Mark Cavendish made it three stage wins in a row as his outstanding week at the Tour of Turkey continued on Wednesday.

Having waited three years for the victory that came on Monday, the Manxman is making it look routine as the 35-year-old once again proved himself to be the quickest man in this race.

Cavendish's form, coupled with the early season wins for Sam Bennett, gives the Deceuninck-QuickStep management plenty of options as they plan teams for the summer's Grand Tours.

Last week the Irishman and Cavendish finished second and third respectively in the one-day Belgian Classic in Scheldeprijs, where Jasper Philipsen edged the sprint finish.

Today Philipsen was again the target, and in a messy sprint that saw several riders hit the deck in Kemer, the Belgian made his move too early too early with Cavendish powering home to win the 184km stage from Alanya.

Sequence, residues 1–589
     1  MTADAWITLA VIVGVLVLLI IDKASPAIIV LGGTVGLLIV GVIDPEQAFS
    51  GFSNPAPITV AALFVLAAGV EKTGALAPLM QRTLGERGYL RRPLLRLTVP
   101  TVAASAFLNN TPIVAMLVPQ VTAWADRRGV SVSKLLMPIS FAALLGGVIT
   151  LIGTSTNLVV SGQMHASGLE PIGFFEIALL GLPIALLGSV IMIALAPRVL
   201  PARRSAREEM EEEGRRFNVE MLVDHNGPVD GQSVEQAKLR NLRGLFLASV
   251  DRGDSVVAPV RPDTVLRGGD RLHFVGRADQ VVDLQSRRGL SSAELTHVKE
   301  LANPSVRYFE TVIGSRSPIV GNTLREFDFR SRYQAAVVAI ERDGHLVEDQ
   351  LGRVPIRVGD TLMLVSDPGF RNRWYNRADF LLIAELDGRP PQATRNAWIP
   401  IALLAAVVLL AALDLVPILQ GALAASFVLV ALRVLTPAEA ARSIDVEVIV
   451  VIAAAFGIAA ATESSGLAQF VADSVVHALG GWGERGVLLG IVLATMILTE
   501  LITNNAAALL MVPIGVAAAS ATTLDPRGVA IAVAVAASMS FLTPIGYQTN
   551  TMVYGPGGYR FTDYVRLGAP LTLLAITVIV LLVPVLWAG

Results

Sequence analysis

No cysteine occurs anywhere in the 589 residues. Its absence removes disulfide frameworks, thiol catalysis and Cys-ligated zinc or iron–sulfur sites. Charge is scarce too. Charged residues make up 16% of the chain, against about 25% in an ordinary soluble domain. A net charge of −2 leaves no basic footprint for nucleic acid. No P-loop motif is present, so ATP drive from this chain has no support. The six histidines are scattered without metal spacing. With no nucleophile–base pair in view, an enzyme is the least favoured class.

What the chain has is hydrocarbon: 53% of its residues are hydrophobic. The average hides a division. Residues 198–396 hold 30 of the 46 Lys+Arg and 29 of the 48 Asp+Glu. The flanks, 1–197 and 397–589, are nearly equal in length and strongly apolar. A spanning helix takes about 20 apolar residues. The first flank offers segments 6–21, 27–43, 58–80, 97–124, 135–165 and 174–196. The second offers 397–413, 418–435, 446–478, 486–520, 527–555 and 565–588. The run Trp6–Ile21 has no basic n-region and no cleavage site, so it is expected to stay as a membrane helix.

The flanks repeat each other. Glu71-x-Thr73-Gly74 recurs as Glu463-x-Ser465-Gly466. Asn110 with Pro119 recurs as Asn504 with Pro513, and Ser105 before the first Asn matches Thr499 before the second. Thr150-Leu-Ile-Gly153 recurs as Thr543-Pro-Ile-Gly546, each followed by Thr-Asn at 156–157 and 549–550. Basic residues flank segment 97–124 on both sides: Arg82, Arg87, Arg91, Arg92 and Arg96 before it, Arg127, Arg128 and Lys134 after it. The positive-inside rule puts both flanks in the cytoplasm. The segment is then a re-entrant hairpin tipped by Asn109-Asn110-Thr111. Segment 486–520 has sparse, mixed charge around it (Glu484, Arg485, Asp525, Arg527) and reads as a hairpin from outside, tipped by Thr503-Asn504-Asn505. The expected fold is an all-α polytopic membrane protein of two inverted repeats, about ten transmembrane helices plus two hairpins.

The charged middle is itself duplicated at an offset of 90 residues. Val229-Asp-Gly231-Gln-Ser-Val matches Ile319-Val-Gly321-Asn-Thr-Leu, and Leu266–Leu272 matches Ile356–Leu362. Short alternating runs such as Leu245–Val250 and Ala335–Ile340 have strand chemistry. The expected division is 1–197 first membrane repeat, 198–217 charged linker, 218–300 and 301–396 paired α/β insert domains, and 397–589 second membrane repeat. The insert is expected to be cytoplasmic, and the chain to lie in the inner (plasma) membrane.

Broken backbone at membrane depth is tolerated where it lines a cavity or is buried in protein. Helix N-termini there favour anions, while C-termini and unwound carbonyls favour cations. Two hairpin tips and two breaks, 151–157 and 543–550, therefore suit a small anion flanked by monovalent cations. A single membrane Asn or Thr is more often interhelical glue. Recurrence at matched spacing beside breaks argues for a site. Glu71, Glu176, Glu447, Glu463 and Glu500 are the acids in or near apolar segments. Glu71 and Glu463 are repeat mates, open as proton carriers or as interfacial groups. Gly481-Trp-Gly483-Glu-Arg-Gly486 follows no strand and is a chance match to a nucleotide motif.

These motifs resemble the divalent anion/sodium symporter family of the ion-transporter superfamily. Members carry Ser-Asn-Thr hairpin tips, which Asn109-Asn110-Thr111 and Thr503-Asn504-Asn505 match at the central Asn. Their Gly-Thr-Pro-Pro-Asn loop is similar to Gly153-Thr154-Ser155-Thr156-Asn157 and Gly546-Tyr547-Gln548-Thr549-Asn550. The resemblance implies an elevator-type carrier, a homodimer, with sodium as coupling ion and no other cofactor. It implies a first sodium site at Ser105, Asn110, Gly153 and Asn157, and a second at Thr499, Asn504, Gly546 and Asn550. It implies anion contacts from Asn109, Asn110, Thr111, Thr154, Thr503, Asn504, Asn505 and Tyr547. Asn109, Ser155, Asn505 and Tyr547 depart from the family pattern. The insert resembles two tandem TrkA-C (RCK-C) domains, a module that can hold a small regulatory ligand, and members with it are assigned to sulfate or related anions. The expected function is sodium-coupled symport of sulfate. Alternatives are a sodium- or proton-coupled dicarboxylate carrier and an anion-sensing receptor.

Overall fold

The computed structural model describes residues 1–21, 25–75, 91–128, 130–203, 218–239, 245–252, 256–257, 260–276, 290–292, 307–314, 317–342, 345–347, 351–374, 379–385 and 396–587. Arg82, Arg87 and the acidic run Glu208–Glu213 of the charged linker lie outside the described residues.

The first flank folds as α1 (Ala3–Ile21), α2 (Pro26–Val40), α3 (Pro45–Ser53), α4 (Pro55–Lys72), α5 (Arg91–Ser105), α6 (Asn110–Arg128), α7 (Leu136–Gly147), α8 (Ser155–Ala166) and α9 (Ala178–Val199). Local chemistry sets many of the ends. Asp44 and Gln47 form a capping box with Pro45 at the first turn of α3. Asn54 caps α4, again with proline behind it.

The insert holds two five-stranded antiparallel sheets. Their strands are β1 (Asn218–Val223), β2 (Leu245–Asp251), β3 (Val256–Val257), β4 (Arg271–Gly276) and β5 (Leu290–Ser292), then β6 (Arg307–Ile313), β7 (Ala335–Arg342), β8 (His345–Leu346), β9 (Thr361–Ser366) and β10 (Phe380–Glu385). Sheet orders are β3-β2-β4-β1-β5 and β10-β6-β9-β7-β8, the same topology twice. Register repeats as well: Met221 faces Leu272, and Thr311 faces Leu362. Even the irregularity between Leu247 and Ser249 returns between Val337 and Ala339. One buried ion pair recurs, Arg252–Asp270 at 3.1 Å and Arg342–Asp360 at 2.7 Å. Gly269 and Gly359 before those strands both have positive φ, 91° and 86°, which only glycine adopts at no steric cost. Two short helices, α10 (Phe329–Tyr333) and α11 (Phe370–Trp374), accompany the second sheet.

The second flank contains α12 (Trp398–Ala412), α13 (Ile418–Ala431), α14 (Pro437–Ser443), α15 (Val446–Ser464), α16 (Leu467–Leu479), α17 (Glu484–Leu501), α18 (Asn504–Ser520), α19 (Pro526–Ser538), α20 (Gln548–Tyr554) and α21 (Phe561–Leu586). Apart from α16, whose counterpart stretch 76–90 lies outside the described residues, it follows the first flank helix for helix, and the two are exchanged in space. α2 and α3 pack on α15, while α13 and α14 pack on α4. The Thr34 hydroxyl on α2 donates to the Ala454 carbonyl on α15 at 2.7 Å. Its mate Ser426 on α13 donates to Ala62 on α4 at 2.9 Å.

In doing so, Cavendish delivered the 800th victory in the history of the Deceuninck-QuickStep team who handed him a career lifeline this season, and won three in a row for the first time since he took four at the Tour of Qatar in 2013 - when he was with the same team in its days as OmegaPharma-QuickStep.

There will surely be no fourth on Thursday as the mountains loom - Cavendish will also expect to lose the leader's jersey on the road to Elmali - but that is of little concern.

"It's nice," he said. "It's irrelevant how many in a row it is, it's just nice to win again."

Cavendish is ignoring questions about what his victories this week might mean in terms of his race programme for the rest of the season, determined simply to enjoy moments many thought might not come again.

Cavendish won four stages of this race back in 2014 - he is now one behind Andre Greipel's record of 11 victories in Turkey - but said he could not compare his form now with then.

"I've not got a clue because I never had time off then," he said. "I won back in Alanya back in those days and I won here too but in all honesty I wouldn't know.

"There are my first wins back so it's hard to say about any form. We're not playing Cycling Manager where you can see the numbers. It's professional cycling."